There were many conflicts in The Slave Dancer, however, the greatest conflict is between Jessie and his innersole. As repeated earlier in this analysis Jessie said, “My stomach rebelled.” He was changing inside from his horrifying experience, and he could not comprehend why. Other conflicts in the story were Jessie verses nature and his way back home. Jessie was stuck out in the middle of the Atlantic and for all his mother and sister knew, he was dead. Jessie had trouble also adjusting to the crew and the captain. He had always been around grown woman before the voyage. Jessie was disgusted with the thought of mistreating the multitudes of slaves, and the other men did not care what happened to them. In their eyes the slaves had no feelings…no heart. There was also the struggle between the slaves and the crew of The Moonlight. The slaves had a horrible experience being taken from their homeland, and the crew members tortured them. When the slaves danced Jessie recalls that, “It was like their feet didn’t belong to them.” They didn’t belong to themselves anymore.

The turning point of The Slave Dancer was the appalling ship wreck. The Moonlight was anchored in the Gulf of Mexico. Captain Cawthorne, the crew, the Spanish, whom the captain was trading with, and the slaves were having a celebration. The Captain liked to give the slaves and the men one night of lifting their spirits. In all the commotion an American ship sailed off in the distance. Benjamin Stout thought it was a British ship so up went the British Flag. The British could not board another British ship, but could however board a Spanish. The same went for the Spanish. And since slave trading was illegal in the countries, The Moonlight had papers for proof they were Spanish or British. All they had to do was run up the flag of that country. However, the American ships could board either countries ship. Well, Benjamin Stout was so intoxicated that he suddenly realized that it was American. Just as the ship was in full view, a luminous crest of a wave broke on the boat. A storm was brewing and disaster was about to strike. The crew threw all of the slaves overboard in apprehension, and Jessie and Ras hid in the slave hold under the ship’s deck. The frightening storm continued and the two boys were tossed to and fro. Then the miracle occurred. Jessie spotted land! He and Ras broke loose a plank off the boat and dropped it into the briny below. Then the two of them hurled themselves overboard, and grabbed onto the wood. Jessie looked back and saw that the ship was sinking, with Captain Cawthorne still alive, waving a whiskey bottle in the air. The rest of the crew had died. But I guess the saying is true that the captain always goes down with his ship.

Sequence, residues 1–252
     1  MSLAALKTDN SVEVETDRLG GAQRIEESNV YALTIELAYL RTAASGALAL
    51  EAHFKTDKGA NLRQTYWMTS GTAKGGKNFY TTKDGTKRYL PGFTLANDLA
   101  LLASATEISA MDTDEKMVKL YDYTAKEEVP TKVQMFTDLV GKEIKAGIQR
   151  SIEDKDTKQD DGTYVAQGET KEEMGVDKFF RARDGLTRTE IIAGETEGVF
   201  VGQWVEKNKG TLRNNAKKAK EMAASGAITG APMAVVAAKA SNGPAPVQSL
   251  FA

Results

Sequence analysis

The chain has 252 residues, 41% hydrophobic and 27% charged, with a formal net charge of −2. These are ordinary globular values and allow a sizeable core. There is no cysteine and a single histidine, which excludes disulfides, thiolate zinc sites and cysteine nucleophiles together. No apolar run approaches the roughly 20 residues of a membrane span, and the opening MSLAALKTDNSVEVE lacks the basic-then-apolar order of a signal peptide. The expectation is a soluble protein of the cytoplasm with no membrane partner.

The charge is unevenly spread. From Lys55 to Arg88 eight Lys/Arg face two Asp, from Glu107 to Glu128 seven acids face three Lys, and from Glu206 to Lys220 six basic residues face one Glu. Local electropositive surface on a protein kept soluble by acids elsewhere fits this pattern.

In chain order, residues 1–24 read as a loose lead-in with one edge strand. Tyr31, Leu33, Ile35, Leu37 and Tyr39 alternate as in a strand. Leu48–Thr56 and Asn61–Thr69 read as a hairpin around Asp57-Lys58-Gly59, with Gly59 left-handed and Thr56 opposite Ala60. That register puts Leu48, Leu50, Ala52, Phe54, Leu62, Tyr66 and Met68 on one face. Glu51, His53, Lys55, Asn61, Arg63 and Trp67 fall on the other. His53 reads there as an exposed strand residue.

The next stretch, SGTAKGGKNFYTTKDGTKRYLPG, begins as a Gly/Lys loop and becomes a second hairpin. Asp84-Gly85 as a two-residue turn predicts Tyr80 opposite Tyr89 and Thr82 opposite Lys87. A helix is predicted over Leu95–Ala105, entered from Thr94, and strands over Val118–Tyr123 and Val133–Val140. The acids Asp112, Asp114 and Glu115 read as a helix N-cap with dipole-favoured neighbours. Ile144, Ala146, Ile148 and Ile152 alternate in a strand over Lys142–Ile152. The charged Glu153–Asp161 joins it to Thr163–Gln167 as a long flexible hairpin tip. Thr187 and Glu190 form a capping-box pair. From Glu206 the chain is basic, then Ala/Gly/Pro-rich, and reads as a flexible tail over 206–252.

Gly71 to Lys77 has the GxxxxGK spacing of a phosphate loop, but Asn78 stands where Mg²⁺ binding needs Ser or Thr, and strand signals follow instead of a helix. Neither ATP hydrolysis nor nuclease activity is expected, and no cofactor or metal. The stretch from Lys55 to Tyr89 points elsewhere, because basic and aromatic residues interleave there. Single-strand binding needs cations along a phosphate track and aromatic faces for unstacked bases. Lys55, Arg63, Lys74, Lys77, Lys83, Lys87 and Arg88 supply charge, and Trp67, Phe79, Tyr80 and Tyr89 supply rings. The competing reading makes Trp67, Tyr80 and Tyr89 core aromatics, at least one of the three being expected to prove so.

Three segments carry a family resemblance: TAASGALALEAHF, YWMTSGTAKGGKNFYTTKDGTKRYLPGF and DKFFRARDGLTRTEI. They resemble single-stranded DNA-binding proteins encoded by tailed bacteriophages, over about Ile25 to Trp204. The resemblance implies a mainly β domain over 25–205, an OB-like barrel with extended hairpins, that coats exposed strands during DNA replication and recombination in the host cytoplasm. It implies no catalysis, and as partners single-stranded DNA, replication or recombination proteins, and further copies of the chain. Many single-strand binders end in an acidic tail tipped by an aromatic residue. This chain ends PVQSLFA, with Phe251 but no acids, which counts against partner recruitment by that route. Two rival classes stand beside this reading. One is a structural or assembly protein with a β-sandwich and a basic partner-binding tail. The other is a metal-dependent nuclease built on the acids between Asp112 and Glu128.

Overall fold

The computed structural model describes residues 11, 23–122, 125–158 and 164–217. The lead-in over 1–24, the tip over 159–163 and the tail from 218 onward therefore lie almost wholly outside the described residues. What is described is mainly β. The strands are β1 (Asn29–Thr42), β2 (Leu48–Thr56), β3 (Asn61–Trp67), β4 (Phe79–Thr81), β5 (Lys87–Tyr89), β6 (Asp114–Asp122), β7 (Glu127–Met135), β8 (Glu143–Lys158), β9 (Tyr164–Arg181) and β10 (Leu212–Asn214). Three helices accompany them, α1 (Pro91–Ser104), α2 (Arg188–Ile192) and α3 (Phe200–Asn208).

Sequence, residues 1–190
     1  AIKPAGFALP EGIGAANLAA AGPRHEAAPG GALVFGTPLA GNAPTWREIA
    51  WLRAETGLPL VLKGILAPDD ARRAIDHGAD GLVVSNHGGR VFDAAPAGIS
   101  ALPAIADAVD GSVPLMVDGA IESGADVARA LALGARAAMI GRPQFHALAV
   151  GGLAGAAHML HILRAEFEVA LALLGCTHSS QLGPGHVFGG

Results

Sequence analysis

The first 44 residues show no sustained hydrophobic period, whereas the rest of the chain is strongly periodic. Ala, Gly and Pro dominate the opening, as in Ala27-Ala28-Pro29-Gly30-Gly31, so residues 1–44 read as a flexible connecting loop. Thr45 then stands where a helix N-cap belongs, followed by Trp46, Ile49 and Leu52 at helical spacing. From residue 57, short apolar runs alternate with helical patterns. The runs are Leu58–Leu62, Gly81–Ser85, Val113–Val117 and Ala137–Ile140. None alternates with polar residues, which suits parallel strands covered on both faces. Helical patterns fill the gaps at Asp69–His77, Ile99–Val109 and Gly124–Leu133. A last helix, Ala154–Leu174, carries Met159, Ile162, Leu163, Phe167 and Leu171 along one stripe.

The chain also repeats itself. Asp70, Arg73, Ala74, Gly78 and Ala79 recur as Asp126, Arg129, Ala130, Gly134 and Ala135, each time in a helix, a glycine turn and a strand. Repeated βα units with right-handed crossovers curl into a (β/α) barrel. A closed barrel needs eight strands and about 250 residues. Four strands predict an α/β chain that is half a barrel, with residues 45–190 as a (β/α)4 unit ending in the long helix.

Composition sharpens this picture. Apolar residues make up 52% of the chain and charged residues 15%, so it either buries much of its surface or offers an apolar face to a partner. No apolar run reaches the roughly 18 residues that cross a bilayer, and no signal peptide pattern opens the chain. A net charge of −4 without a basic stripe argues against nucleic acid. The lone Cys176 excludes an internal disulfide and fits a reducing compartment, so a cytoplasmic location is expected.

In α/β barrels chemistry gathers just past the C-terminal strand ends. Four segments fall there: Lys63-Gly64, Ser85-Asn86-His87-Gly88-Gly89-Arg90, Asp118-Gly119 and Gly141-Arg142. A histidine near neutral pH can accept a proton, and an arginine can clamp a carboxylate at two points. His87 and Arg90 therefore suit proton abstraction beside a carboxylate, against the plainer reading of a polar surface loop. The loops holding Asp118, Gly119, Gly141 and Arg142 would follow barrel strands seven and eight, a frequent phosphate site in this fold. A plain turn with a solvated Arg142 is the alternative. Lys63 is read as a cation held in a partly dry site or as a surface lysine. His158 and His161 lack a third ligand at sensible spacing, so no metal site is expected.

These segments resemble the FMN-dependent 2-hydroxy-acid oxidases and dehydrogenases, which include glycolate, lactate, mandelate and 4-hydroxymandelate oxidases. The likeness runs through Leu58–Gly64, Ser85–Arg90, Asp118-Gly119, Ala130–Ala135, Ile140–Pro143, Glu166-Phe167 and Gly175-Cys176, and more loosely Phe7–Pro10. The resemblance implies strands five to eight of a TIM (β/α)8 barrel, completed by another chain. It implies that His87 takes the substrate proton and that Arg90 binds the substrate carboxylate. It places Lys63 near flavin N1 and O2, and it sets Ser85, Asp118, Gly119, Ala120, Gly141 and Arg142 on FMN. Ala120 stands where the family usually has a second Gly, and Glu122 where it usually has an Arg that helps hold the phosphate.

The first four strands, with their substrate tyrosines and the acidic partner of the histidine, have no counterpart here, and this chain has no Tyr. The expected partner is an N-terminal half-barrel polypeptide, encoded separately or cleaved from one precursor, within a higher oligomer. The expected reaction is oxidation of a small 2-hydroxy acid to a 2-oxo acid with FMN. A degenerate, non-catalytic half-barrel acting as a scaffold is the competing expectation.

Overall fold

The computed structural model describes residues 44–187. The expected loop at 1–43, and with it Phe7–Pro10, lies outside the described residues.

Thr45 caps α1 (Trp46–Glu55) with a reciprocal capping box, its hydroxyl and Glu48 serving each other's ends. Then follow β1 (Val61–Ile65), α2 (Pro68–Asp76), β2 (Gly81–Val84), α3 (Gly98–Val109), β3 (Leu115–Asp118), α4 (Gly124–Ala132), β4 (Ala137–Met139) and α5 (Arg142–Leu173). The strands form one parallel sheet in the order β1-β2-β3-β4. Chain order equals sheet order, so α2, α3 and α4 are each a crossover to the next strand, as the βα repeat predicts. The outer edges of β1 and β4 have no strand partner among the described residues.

As soon as Jessie and Ras’ feet touched land, the story began to slowly descend. They started walking along the beach when they met an old black man, Daniel. He befriended them, giving them shelter, clothing, and food. He was very nice to the boys. Daniel, being a runaway slave, knew how Ras felt about being taken away from his homeland. Daniel knew that Ras could not stay with Jessie, because the boy would soon get caught. So the man made arrangements for Ras to leave with two men, one who spoke his language, and head North to escape the cruel ways of the South. The climax of the story transpires when Jessie and Ras must say their final good-byes. They spoke briefly and ended their lives together with broken hearts. But the friendship that each of them withheld stayed with them forever. After their last farewell, Jessie then left Daniel with his dreams of heading home. Jessie’s returning home was the fitting denouement. Jessie had truly returned to his familiar life. However, because of his journey, his old life could never be the same.